Good Samaritan lauded for saving lives of 2 police officers in Springfield; suspect charged

SPRINGFIELD, Mass. — Pedro Perez was driving by when he saw the Springfield police officer in distress and struggling with an armed robbery suspect on Chapin Terrace shortly after noon on Tuesday.

The officer was trying to apprehend the suspect, later identified as 41-year-old Joseph Gonzalez, police said. Perez asked if the officer needed help, jumped out of his vehicle and then tried, along with the officer, to restrain Gonzalez.

But Gonzalez was able to grab the officer’s service pistol, as a second officer arrived on scene and both officers tried to disarm him.

Police said Gonzalez fired two rounds with the officer’s service weapon.

One round struck Gonzalez’s own hand and another hit Perez’ truck. Both shots narrowly missed both officers and Perez. Officers were then able to get the firearm out of Gonzalez’ hand and place him under arrest at 12:40 p.m.

Minutes earlier, at approximately 12:25 p.m., officers responded to the 500 block of Armory Street for a report of an armed robbery at the Metro PCS. Police said Gonzalez allegedly pulled out a knife and then stole an undisclosed amount of cash from the register.

Later, while arresting Gonzalez, officers recovered a large knife and cash stolen from Metro PCS on Gonzalez.

City leaders lauded Perez for stopping to help the police officer.

“Without the help of Mr. Perez there undoubtedly would have been a much different outcome to this incident,” Springfield Police Superintendent Cheryl Clapprood said in a statement. “His actions in all likelihood saved the lives of two Springfield Police Officers. This dangerous suspect had zero regard for anyone’s livelihood and my officers involved put their lives on the line to prevent this individual from causing any additional harm. These officers displayed a degree of professionalism and bravery that their families, our fellow officers and the residents of the city they serve should be extremely proud of.”

Springfield Mayor Domenic Sarno called Perez a “Good Samaritan” who “was in the right place at the right time.”

“Police Superintendent Cheryl Clapprood and I are thankful that the initial responding officer was not seriously hurt and I have wished the officer a speedy recovery and encouragement – ‘The officer showed a tremendous amount of restraint,’ Sarno said. “This incident could have ended very differently but thanks to the efforts from this good Samaritan, Pedro Perez, who was in the right place at the right time, he was able to provide assistance to our officers who were trying to detain the suspect.”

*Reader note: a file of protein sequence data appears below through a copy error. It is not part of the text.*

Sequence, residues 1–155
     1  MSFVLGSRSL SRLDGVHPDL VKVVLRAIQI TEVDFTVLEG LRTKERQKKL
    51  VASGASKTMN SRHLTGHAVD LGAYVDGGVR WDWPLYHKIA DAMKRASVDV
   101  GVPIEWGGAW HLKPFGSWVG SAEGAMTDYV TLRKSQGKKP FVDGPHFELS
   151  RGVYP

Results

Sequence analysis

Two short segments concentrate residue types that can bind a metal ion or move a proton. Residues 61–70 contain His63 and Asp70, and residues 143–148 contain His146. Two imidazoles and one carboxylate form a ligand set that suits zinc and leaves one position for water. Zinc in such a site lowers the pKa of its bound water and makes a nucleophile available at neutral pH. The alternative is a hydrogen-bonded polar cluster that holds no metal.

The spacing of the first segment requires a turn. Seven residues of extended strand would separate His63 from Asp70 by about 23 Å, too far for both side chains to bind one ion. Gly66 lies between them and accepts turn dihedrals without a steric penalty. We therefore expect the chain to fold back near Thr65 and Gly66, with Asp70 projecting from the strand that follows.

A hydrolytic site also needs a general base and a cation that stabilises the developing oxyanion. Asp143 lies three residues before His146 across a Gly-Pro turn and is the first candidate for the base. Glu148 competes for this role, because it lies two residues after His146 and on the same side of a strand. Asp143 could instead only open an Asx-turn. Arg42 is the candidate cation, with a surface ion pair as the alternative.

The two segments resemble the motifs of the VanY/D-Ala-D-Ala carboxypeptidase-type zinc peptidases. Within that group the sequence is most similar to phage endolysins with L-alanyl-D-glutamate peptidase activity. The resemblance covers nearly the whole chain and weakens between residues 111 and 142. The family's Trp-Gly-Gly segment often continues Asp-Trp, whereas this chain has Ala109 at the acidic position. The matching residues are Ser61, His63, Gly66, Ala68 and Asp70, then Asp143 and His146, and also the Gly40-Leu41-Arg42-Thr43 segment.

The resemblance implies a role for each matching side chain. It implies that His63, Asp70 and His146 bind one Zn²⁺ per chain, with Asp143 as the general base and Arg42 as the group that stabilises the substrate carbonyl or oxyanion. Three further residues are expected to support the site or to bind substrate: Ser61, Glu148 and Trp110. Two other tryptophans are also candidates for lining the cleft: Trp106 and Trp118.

“When I called Mr. Perez to thank him, he simply and humbly stated this was the way he was brought up to help those in need,” Sarno said. “Once again, we see that these criminals have little to no regard for the safety or lives of our residents or our brave and dedicated police officers. If this suspect was successful in wrestling the officers service pistol and if Mr. Perez wasn’t there to assist, I have no doubts that this violent criminal suspect would have taken the lives of our officers and anyone else that was in his way.”

Sarno said he and Clapprood “hope that our courts do the right thing and take this incident seriously and hold this dangerous suspect and not release him back onto our streets and into our neighborhoods to cause more mayhem. He has already shown that he was willing to use a gun to hurt our SPD officers and anyone else nearby.”

Gonzalez was sent to a local hospital for treatment of his injuries. The first officer was also sent to the hospital for treatment.

Mastroianni’s Auto Body on Taylor Street has offered to fix Perez’s car, which was struck by a bullet, for free and provide him with transportation until the job is completed, Sarno said.

Gonzalez is facing numerous charges, police said: firearm-armed assault to murder, three counts; assault and battery on a police officer, two counts; armed and masked robbery; discharging a firearm within 500 Feet of a building; assault and battery to disarm a police officer; possession of a firearm during the commission of a felony; possession of ammunition without a FID card; larceny of a firearm; resisting arrest; malicious damage to a motor vehicle; and assault and battery.

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